Journey 8: They left the Red Sea and camped in the Sin Desert

But the journey to the Promised Land must continue through the difficult wilderness. And despite moments of respite, we will move on from the “Red Sea” to face new challenges of the Desert. The next few journeys reflect different, accelerating adversarial situations which will test our faith throughout our lives.

The Sin Desert represents the stage in life when we have our first crisis of faith, especially around the struggle to earn a livelihood. When the people arrived at Sin Desert (Iyar 15) they ran out of the food that they had brought with them from Egypt. They thus began to complain “If only we had died in Egypt! There at least we could sit by pots of meat and eat our fill of bread! But you had to bring us out to this desert, to kill the entire community by starvation!” The Divine response was to provide them daily with manna, “bread from heaven” and meat – which would last through the remaining 34 journeys. The manna teaches us that livelihood is a blessing from above; we must do our part, but ultimately we need to have faith and trust that Divine Providence will provide for our sustenance.

Journey 9: They left the Sin Desert and camped in Dofkah

Dofkah is the place where their “hearts beat” (in fear) for lack of bread (Baal HaTurim). We will all go through a stage in life when our hearts pound in fear that we will suffer from deprivation of one need or another. Insecurity is very real part of living in a material world in which we are dependent on many things for our sustenance. But Dofkah (in Hebrew) also means “knocking:” Angst can be a powerful motivator to “knock” on the doors of opportunity, to “knock” on the doors of heaven, and dig deeper and discover inner resources.

Journey 10: They left Dofkah and camped in Alush

Alush means power (it refers to a powerful city, or one built by a powerful person).  This symbolizes the stage in life when we rise to power – either at work or in another position of influence. Power is a double-edged sword, which can be used either toward achieving greatness or corruption. Some say that the manna began to fall in Alush, and that was where the Jewish people kept their first Shabbat – two Divine gift that empower us to access Heaven as we traverse the earthly wilderness.

Journey 11: They left Alush and camped in Refidim, where there was no water for the people to drink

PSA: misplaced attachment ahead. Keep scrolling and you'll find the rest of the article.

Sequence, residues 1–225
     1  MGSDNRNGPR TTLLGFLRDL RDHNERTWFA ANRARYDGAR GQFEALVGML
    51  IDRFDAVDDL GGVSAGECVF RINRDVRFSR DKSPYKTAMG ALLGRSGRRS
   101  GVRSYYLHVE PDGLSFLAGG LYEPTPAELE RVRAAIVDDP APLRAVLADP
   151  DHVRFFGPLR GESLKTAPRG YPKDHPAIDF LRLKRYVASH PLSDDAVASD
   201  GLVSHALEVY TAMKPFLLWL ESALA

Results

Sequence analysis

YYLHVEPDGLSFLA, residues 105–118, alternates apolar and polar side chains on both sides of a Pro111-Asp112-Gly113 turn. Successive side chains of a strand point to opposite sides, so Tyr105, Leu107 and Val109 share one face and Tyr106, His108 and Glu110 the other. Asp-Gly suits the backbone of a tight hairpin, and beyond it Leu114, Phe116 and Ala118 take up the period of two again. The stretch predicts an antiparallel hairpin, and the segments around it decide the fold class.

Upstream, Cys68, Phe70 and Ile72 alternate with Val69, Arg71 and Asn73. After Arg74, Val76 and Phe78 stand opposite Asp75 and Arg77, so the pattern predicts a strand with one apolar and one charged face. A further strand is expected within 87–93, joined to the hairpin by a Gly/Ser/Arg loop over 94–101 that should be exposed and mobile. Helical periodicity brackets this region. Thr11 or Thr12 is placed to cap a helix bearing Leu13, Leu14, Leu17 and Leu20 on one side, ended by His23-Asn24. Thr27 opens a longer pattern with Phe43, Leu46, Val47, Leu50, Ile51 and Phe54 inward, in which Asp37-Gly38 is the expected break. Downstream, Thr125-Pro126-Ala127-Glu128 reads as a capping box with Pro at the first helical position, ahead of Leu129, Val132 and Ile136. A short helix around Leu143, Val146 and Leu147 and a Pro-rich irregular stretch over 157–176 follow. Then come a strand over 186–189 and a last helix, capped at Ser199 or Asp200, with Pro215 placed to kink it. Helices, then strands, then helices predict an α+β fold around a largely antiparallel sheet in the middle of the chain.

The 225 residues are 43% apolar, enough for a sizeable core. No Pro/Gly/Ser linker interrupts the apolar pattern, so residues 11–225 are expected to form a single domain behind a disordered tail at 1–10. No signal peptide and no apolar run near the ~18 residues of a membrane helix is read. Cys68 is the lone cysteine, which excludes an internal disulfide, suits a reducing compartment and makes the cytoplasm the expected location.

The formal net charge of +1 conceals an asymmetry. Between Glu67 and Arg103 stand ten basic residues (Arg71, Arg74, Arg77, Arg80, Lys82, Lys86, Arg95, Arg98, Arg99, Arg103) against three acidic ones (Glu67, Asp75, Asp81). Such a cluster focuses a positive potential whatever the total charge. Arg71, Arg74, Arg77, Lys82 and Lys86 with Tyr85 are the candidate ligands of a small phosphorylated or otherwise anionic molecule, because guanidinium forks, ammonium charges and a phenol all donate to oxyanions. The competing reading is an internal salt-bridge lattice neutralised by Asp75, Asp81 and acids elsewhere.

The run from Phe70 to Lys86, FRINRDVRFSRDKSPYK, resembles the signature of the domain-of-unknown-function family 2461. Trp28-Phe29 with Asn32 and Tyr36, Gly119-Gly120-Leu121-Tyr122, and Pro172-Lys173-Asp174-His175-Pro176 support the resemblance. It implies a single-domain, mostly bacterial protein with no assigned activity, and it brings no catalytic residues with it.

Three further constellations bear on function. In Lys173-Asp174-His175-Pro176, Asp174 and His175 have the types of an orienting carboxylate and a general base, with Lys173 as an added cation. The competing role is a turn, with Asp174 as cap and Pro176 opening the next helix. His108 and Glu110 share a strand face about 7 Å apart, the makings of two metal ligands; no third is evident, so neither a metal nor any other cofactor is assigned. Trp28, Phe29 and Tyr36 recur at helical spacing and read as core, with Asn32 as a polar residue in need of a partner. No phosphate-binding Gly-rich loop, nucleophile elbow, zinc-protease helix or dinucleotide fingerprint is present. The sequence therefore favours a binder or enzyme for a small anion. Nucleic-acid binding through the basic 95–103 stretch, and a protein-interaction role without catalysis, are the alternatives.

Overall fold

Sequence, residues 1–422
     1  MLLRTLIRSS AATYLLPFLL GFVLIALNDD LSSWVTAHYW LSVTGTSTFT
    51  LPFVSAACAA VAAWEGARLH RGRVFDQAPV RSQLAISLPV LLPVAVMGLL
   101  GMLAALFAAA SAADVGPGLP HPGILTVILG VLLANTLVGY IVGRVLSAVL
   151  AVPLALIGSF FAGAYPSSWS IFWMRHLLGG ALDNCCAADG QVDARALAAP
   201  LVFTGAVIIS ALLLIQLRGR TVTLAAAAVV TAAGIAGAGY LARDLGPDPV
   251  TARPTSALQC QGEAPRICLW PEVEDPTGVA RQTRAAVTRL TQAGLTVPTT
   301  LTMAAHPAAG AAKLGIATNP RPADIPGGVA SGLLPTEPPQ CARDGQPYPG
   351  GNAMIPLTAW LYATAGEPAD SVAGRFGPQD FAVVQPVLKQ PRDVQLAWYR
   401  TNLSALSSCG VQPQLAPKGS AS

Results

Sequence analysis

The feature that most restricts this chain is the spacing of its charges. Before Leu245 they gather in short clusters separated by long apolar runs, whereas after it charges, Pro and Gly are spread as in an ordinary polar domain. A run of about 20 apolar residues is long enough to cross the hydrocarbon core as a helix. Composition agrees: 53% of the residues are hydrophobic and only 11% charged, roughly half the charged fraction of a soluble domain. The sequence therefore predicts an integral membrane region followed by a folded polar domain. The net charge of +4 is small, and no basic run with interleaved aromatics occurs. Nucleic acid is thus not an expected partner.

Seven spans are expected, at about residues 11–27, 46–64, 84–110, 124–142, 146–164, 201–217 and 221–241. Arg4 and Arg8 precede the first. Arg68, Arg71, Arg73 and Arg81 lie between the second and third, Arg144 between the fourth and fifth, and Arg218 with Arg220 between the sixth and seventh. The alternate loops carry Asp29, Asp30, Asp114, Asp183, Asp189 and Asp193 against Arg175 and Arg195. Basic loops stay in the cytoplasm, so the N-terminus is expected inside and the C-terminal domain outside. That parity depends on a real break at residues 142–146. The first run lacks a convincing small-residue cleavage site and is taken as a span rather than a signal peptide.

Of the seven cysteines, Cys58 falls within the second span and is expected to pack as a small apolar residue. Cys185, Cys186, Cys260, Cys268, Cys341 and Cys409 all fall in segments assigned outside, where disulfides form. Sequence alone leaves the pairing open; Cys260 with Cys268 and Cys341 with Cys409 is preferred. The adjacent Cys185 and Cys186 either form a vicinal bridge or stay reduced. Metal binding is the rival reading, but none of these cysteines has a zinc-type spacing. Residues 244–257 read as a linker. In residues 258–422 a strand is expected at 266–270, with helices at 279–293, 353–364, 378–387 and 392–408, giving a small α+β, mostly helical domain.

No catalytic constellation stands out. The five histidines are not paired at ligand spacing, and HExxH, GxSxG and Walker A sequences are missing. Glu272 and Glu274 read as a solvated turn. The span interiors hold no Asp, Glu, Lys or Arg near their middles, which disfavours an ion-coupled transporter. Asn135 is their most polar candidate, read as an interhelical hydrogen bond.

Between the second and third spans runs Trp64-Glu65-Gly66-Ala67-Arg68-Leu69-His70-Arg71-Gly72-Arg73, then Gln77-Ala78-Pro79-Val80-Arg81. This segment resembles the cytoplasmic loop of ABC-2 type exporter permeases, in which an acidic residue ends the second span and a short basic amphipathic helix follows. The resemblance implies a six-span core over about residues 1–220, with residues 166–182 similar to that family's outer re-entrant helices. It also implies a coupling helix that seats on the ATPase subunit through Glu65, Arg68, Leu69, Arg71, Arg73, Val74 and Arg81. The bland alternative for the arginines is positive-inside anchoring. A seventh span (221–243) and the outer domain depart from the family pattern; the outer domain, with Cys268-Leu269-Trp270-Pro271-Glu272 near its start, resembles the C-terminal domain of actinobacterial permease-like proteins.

Refidim means weakness, referring to the stage of life when we experience an intense crisis of faith (greater than the one at the Sin Desert), questioning G-d’s presence amongst us. Refidim is a diminishing of spiritual commitment or passion (“their hands weakened from the words of Torah and the fulfillment of Mitzvot”). To the extent that Moses “named the place Testing-and-Argument because the people had argued and had tested G-d. They had asked, ‘Is G-d with us or not?’ (Exodus 17:7).

And when we are in this state of weakness we become vulnerable and open to attack from the powerful forces of doubt and apathy – “Amalek arrived and attacked Israel there in Refidim” (Exodus 17:8).

Journey 12: They left Refidim and camped in the Sinai Desert

At the other end of the spectrum, we all have a stage in life when we experience revelation – a profound epiphany. We each have our “Sinai” moment – when we arrive and wake up to a new awareness, a heightened state of consciousness; when we feel G-d’s presence. One result of this revelation is harmony: It unites people “as one person with one heart” (such was the experience that took place when the people arrived at Sinai on the 1st of Sivan).

To be continued.


Did you enjoy this? Get personalized content delivered to your own MLC profile page by joining the MLC community. It's free! Click here to find out more.

Notify of
1 Comment
Oldest Most Voted
Inline Feedbacks
View all comments
Etta Hinda
16 years ago

Thank you Rabbi for this beautiful gift on my birthday!
It is just what I needed.

Much love and respect to you,

Etta Hinda

The Meaningful Life Center